Use of biological tissue matrix in postneurosurgical posterior trunk reconstruction is associated with higher wound complication rates

Devin O'Brien-Coon, Nicholas A. Calotta, Justin M. Broyles, Justin Michael Sacks

Research output: Contribution to journalArticlepeer-review

Abstract

Background: Patients undergoing neurosurgical spine surgery for spinal tumors are increasingly undergoing soft-tissue reconstruction involving the use of biological tissue matrices. There are limited data available on the safety of these devices in posterior trunk reconstruction. Methods: A cohort study of patients undergoing oncologic spine surgery with subsequent plastic surgery soft-tissue reconstruction from 2002 to 2014 was conducted. Demographic, medical, and surgical variables were recorded. The primary outcome variable was development of a postoperative wound complication. Secondary outcome variables were specific complications, including infection, seroma, hematoma, dehiscence, and cerebrospinal fluid leak. The predictor variable was the presence or absence of biological matrix at the reconstruction site. Results: A total of 293 cases in 260 patients were included in this study. The cohorts were similar with regard to demographic, medical, and surgical variables. The incidence of all-cause wound complications in patients receiving biological matrix for reconstruction was 49.2 percent, whereas the all-cause complication rate for patients not receiving the matrix was 31.7 percent (p = 0.010). The rates of infection (34.9 percent versus 20.9 percent) and seroma (19.0 percent versus 10.0 percent) were also increased in patients receiving biological matrix. In multivariate analysis, biological matrix use remained a predictor of wound complications (p = 0.045), infection (p = 0.011), and seroma (p = 0.047). Conclusions: The authors identified an increased risk of infection and seroma with the use of biological tissue matrix in posterior trunk reconstruction. Careful consideration of the risks and benefits of using these devices in this patient population is warranted.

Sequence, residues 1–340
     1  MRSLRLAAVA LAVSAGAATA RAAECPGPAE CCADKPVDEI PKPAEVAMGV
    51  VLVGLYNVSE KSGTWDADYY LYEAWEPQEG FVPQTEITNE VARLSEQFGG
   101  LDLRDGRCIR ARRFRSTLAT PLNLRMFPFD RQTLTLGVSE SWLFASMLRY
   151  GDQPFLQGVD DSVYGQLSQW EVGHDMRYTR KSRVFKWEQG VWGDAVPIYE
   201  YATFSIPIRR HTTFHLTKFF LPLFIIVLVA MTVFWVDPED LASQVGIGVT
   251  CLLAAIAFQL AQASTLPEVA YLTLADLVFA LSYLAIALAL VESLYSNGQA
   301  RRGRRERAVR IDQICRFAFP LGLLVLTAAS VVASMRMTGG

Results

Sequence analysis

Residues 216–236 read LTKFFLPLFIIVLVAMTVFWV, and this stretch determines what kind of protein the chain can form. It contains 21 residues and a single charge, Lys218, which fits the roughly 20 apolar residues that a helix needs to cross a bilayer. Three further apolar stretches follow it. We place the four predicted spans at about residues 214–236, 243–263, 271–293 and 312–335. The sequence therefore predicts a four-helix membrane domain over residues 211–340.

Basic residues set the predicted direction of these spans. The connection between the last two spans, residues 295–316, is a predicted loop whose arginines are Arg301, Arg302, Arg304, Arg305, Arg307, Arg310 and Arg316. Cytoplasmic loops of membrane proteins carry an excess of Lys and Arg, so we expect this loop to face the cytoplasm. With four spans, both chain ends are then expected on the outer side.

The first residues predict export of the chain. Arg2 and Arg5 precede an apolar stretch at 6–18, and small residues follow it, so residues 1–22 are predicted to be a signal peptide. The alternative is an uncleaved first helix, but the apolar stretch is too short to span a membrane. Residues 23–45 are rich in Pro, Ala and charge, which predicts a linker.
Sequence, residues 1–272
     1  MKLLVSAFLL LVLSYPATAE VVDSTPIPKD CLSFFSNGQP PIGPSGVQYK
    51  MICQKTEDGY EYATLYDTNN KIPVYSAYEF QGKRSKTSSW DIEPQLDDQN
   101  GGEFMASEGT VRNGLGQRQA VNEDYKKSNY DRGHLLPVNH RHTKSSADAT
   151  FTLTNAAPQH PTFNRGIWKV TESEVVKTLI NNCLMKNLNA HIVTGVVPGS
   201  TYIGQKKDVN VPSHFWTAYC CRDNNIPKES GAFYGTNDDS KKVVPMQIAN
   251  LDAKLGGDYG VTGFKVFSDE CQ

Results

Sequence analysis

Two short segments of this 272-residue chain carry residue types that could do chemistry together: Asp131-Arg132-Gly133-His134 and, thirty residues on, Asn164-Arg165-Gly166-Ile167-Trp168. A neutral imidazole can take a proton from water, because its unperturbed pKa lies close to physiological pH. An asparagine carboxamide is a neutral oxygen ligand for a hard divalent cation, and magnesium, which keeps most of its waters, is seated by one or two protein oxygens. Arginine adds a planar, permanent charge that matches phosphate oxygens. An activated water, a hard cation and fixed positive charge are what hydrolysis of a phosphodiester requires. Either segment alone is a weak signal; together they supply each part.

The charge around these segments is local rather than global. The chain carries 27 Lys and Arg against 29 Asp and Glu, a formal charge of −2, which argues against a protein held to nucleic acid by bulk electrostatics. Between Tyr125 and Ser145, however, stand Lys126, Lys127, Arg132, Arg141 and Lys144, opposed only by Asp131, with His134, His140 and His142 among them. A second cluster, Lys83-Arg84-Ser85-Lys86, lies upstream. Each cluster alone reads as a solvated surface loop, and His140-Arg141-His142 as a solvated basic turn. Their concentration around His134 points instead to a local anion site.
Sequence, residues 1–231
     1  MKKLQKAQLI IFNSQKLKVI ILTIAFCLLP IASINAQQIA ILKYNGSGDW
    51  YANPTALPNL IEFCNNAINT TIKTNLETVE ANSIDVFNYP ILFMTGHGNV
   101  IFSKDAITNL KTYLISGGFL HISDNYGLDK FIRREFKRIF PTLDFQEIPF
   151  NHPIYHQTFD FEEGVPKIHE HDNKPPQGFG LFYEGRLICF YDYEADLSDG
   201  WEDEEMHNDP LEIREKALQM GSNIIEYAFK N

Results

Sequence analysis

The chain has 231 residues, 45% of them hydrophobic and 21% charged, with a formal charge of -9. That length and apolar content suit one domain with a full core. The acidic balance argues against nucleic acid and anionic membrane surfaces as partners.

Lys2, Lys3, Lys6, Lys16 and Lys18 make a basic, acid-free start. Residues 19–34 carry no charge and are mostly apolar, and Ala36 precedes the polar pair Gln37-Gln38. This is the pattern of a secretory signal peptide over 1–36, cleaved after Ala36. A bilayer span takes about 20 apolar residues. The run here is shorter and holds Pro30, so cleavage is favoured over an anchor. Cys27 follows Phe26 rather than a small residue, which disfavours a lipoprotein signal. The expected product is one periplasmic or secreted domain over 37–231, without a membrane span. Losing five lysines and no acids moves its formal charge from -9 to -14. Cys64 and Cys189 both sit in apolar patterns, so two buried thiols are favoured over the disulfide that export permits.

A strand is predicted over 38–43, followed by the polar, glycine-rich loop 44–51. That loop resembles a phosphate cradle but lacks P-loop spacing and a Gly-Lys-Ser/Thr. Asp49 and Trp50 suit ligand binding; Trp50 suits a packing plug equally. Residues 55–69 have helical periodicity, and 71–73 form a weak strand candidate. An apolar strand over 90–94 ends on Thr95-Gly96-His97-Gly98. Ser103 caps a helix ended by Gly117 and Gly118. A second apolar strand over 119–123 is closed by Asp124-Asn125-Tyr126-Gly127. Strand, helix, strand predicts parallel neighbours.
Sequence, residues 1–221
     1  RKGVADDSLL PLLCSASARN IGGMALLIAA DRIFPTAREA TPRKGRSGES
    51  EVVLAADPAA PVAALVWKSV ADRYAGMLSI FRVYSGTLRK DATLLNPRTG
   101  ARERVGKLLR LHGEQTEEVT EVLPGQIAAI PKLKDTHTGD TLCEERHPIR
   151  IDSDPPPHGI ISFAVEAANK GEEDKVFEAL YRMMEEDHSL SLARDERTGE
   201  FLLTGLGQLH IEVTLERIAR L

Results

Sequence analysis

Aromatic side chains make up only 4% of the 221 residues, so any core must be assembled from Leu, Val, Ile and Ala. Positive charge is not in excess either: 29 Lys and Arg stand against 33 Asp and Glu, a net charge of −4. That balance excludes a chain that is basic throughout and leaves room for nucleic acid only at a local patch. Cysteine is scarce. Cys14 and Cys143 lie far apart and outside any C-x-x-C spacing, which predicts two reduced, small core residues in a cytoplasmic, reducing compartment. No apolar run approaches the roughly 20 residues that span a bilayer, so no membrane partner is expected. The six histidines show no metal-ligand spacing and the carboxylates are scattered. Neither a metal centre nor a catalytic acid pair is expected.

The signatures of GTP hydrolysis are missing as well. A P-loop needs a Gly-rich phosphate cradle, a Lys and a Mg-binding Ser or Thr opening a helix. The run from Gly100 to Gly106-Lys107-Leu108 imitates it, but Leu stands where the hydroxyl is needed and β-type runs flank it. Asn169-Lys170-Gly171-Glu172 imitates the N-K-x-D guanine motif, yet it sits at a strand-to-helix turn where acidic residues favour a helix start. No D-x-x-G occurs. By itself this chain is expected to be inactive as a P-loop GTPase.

Original languageEnglish (US)
Pages (from-to)104e-110e
JournalPlastic and Reconstructive Surgery
Volume138
Issue number1
DOIs
StatePublished - Jul 1 2016

ASJC Scopus subject areas

  • Surgery

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